The opposite of the truth is a lie.



Lies are what allows violence and harm to thrive in our lives and in our world.

When we internalize the lies our culture tells us, we start to believe that we are not enough, that we are somehow broken, that we need to hustle to earn love and acceptance.

And so we over-give, we over-work, we over-achieve until we feel exhausted, overwhelmed, stuck, maybe even depressed or anxious.

As a therapist and a woman, I know from both professional and personal experience that we all walk around every day with a head full of lies.

One of the biggest lies is that only the masculine is valuable.

The truth is, every one of us has the human qualities of both feminine and masculine within us.

The truth is, patriarchy’s devaluation of the feminine hurts men and women and everyone in between.

When we believe the lie that our feminine nature is less than, we disown and deny parts of ourselves in order to feel worthy of love and acceptance.

Because we are women in a culture that devalues the feminine,

we believe that we are not good enough,

we believe that we are alone,

 we believe that we are powerless.

Lies, lies, lies.


This is devaluation, harm, and an absence of care — and you don’t deserve to live like this.

We are fed the lies by our culture.

They are reinforced by the media, our institutions, and often even our own family and friends.

But we don’t have to continue to believe in the lies.

We can opt out. 

We can learn to value, to honor, ourselves.

We can practice Badass Self-Care.

We can become truth-tellers.

When I talk about unlearning the lies and stepping into our truth,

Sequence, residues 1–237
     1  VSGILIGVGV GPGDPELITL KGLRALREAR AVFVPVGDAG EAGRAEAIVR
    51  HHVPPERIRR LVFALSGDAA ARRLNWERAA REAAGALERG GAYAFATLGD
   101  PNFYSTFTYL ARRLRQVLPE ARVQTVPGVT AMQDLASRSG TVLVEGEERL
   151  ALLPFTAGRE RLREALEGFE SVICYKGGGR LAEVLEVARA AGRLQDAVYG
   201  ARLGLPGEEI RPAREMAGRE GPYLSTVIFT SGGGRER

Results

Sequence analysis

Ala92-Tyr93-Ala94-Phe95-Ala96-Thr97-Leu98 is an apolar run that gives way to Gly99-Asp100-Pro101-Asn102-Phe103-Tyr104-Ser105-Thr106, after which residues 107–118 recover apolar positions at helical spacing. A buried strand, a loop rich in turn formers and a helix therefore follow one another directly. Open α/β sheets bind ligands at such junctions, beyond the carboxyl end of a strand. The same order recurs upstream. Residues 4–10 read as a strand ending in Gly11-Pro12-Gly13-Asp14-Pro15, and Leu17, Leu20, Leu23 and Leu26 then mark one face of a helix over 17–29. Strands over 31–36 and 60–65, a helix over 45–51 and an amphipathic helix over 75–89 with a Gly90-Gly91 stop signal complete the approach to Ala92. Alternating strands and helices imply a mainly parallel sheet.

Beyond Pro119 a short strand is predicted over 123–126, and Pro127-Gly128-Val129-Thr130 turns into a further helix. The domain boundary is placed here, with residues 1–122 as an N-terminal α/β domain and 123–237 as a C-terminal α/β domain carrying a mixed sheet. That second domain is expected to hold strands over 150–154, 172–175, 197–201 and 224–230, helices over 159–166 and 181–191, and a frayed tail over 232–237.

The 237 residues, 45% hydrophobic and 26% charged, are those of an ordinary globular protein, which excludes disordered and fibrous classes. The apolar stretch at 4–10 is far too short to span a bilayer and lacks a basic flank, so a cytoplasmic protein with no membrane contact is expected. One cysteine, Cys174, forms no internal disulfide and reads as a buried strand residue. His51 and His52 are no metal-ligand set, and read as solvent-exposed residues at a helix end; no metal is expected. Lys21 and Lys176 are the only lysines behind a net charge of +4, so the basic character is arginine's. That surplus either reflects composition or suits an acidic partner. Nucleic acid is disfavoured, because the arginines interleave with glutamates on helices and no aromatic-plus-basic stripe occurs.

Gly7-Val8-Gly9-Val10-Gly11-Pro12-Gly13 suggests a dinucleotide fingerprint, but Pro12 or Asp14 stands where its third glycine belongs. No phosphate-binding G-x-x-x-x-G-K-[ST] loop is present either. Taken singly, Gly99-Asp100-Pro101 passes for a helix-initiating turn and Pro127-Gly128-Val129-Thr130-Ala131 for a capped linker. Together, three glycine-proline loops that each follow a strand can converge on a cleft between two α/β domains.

I speak from my personal experience.


The first lie I believed was that I didn’t deserve safety.


I was abused – physically, sexually, and emotionally – and I thought this meant something was wrong with me, that I was somehow damaged and unworthy. For a long time I didn’t tell anyone. Instead, I quietly shoved my fear and pain down, down, down so that I could be who I thought I was supposed to be – a smiling, accommodating nice girl.


The second lie I believed was that my productivity defined my worth.


I was working 60 hours a week at a “good” job, making a meaningful contribution to the field, and taking home my first real paycheck. In order to thrive in this demanding work environment, I cut myself off from my wants and needs. I remember that I would not pee when I had to pee. My worth was so wrapped up in checking things off of a to-do list that I would not honor my body on this most basic level. At the time, I thought sacrificing my most basic needs in service of getting shit done for other people meant that I was an amazing, hardworking woman.


The third lie I believed was that I was less than because I was a woman.


Society told me (implicitly and explicitly) that I was weak, too sensitive, the original sin. They told me to obey, to stay small, to stay home. They told me no one would believe me. They told me I was a slut and that boys will be boys. They told me I didn’t matter. They told me I had no purpose beyond serving a man. They told me that’s just the way it is and for a long time I believed them.